Tuesday, July 17
What Kind of Palette Should I Use?
It may not seem all that important since the actual work takes place on the canvas or paper or some other support, but it is.
The palette is almost as important as the motif or the paint itself. Well, almost. It's more than the place where the paint first lands.
It's the place where ergonomics meet creativity. It's where you set up housekeeping for your colors. It's where you mix that perfect color. It's important.
The type of palette you use should be evaluated and tried out to see if it works for you. If it does, then it can make the act of painting easier (note I didn't say easy). If it doesn't, it can ruin your painting not to mention your day.
There are all types of palettes, of course, made in all types of materials--paper, wood, plastic, resin, enamel, etc. They come in all shapes, too--round, square, rectangular, the ubiquitous kidney-shaped, with any number and size of wells in which to deposit paint.
Some have very little real estate for mixing "on the palette." Some have great big areas to mix up a lot of paint. Some have many partitions for mixing many colors; some have just a few if you like a limited palette, I suppose. Some have no partitions at all, such as my handy enamel butcher's tray. Some are disposable. Some have covers, most do not.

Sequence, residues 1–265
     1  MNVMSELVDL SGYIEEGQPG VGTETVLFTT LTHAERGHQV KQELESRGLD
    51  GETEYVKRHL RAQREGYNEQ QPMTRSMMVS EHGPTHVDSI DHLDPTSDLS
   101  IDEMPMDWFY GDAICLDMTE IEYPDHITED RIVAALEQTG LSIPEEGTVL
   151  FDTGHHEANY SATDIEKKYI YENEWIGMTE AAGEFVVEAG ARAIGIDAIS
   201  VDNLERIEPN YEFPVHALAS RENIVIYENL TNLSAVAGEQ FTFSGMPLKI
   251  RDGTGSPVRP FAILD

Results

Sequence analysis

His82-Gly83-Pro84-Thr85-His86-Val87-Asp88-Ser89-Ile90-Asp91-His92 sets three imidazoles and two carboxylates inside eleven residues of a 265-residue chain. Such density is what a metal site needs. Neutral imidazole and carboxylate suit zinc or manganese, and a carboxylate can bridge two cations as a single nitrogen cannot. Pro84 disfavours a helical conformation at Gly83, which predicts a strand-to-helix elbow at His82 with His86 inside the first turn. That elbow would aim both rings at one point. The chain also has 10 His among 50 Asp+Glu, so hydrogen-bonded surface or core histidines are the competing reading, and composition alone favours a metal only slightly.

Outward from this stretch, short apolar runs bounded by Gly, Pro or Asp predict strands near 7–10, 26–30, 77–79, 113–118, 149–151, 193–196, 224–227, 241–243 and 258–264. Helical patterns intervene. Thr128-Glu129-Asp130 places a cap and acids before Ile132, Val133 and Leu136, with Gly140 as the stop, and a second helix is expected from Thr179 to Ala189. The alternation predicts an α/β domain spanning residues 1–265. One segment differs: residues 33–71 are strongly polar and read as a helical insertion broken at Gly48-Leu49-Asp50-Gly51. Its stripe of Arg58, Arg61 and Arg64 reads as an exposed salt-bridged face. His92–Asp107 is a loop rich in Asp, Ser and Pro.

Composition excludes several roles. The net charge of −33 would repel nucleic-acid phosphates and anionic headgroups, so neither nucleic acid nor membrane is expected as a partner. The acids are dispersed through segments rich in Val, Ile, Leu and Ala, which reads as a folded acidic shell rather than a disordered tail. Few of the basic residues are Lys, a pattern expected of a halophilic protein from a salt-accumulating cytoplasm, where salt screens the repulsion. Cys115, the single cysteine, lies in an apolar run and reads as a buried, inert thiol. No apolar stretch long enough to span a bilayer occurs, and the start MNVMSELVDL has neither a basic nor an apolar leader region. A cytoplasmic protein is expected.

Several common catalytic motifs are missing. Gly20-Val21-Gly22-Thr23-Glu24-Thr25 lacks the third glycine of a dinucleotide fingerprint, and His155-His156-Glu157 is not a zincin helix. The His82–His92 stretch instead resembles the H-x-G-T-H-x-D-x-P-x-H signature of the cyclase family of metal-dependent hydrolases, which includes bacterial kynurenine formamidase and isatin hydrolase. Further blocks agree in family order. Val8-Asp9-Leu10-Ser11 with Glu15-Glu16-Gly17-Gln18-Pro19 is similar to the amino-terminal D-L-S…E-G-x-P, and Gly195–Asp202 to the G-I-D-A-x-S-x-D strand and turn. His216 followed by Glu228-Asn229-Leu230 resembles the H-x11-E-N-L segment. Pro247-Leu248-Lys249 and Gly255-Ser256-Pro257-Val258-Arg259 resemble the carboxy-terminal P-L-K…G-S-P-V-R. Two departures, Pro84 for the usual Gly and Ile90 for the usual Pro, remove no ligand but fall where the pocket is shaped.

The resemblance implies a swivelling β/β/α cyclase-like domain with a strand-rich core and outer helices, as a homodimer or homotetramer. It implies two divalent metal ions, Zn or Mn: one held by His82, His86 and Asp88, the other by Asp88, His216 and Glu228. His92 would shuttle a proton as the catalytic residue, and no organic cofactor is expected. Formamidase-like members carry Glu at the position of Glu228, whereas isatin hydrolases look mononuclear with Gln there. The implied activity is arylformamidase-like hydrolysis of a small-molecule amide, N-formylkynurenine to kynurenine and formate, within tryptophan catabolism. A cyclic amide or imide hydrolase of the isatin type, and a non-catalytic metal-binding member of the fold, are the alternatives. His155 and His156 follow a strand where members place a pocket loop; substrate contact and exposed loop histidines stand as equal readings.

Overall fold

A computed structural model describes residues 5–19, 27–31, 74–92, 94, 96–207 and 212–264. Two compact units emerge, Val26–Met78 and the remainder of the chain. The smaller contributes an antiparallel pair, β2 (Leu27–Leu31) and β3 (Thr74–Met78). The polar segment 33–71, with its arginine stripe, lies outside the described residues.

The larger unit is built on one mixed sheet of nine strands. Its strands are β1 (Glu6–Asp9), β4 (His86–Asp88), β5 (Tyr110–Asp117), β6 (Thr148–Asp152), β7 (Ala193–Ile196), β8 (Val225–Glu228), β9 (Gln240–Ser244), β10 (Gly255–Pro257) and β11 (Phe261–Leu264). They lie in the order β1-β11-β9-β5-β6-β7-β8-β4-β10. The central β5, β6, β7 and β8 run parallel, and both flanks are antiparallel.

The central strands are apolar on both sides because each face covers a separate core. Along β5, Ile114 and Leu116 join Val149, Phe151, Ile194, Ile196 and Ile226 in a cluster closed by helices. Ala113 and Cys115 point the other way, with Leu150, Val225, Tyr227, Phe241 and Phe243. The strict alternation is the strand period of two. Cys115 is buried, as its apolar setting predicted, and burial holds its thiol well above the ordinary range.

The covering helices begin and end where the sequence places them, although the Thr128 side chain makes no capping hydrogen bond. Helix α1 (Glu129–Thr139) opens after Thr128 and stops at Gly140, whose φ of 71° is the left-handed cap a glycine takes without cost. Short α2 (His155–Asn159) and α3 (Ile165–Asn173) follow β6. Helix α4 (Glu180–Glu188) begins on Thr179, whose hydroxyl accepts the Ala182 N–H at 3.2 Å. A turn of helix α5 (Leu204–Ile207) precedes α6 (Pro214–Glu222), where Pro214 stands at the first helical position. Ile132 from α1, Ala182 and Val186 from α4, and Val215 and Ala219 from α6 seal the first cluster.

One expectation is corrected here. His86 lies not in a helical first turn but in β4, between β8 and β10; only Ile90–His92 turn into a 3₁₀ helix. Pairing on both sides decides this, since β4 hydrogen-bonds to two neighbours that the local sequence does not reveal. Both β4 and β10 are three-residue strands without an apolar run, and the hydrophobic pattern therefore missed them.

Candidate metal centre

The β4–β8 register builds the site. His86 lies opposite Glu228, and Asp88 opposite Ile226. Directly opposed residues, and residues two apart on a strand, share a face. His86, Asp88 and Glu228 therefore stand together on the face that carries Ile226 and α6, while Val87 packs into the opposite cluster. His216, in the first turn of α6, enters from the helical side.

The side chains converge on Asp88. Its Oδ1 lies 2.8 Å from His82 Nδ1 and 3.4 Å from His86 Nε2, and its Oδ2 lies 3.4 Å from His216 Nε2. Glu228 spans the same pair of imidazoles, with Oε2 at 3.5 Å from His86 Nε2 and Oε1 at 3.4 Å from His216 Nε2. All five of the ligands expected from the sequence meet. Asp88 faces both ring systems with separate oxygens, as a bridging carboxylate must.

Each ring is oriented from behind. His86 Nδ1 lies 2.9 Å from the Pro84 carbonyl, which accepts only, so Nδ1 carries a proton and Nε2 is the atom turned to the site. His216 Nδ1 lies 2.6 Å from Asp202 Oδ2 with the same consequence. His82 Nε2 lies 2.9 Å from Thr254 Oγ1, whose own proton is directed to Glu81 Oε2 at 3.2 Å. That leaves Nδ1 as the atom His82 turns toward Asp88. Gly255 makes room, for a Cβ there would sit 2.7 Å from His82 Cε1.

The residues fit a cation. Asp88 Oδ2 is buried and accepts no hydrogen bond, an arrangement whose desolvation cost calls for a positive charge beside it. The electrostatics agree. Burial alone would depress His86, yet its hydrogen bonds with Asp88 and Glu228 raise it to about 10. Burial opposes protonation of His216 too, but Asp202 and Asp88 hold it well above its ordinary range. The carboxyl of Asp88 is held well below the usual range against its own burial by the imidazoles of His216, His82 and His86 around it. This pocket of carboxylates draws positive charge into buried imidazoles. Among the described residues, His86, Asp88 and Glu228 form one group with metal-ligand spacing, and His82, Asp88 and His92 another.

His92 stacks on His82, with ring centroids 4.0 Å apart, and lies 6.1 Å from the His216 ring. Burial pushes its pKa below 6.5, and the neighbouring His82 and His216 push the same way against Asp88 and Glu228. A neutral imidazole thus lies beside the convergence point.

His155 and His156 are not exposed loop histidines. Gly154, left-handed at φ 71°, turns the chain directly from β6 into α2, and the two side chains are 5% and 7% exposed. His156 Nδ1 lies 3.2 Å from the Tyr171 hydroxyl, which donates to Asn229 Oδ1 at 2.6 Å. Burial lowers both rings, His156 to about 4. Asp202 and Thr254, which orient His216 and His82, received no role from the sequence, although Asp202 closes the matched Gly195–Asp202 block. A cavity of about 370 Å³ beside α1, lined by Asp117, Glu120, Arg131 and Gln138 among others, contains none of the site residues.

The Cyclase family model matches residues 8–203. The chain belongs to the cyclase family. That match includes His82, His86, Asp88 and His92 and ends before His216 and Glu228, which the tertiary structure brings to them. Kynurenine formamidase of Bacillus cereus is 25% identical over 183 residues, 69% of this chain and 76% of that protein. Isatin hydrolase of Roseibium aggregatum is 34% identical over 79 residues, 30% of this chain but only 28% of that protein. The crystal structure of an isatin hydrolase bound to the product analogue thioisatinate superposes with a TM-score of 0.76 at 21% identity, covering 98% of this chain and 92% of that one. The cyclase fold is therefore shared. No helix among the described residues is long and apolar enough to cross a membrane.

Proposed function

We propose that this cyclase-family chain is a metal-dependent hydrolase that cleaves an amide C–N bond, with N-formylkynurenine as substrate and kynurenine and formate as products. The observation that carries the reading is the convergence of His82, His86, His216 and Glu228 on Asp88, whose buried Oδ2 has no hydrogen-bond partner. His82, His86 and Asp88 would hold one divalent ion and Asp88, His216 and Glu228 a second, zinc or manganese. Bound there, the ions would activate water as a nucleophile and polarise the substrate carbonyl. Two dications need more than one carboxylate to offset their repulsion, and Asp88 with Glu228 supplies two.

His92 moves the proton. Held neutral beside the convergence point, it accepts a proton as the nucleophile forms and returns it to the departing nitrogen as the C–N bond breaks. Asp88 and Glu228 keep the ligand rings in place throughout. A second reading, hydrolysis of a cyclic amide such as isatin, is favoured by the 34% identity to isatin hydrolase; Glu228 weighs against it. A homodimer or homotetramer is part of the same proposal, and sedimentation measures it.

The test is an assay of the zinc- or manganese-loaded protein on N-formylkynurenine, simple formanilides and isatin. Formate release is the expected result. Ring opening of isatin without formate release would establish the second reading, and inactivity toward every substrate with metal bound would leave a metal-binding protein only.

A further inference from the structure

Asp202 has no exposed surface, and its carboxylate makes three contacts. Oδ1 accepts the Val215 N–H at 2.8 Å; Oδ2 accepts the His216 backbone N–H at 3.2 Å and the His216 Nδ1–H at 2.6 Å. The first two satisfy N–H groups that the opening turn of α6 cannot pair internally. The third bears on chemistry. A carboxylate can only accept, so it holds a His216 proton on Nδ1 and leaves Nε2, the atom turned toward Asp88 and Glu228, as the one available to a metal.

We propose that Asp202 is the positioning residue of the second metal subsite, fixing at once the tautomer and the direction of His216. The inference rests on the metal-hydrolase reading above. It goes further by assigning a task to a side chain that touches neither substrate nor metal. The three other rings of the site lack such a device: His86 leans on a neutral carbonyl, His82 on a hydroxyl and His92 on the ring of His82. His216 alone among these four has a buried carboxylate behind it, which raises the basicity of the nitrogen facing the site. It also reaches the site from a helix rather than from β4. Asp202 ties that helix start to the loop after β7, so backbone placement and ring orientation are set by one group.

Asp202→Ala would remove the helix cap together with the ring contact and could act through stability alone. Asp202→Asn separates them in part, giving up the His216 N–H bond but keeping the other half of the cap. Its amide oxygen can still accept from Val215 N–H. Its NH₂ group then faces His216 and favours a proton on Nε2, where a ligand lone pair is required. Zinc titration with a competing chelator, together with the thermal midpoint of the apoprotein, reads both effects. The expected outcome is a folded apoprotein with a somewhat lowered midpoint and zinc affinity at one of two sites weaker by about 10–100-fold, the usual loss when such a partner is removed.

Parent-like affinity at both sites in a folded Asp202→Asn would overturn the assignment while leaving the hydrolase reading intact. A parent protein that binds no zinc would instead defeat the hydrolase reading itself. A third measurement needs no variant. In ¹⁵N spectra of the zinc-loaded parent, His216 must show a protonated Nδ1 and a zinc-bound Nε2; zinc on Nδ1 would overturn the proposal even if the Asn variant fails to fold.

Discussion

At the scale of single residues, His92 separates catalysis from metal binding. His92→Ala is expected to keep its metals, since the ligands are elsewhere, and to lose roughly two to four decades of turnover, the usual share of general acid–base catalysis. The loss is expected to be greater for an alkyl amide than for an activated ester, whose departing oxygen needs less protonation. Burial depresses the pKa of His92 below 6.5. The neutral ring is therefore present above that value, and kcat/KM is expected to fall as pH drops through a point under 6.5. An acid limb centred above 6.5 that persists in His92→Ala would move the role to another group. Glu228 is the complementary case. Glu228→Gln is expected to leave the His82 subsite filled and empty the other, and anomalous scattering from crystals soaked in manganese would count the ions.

And some painters hardly use a palette for mixing since they mix the all the paint color on the canvas or paper.
Whatever type you select, I will tell you it's a personal choice. I have tried at least 10 different types of palettes over the last few years, and I still haven't made up my mind which one suits me best. I keep switching them out thinking maybe the next palette I use will magicallyimprove my painting. The jury is still out on that.
I do prefer some palettes more than others. Currently I'm liking a rectangular one that has eight large square, four large round, and eight small round wells. That way I can mix up as much paint as I need in the colors I want.
But now I am wondering if I should be using one with a thumb-hole, or not...
Keep On Painting.
Posted by Byrne Smith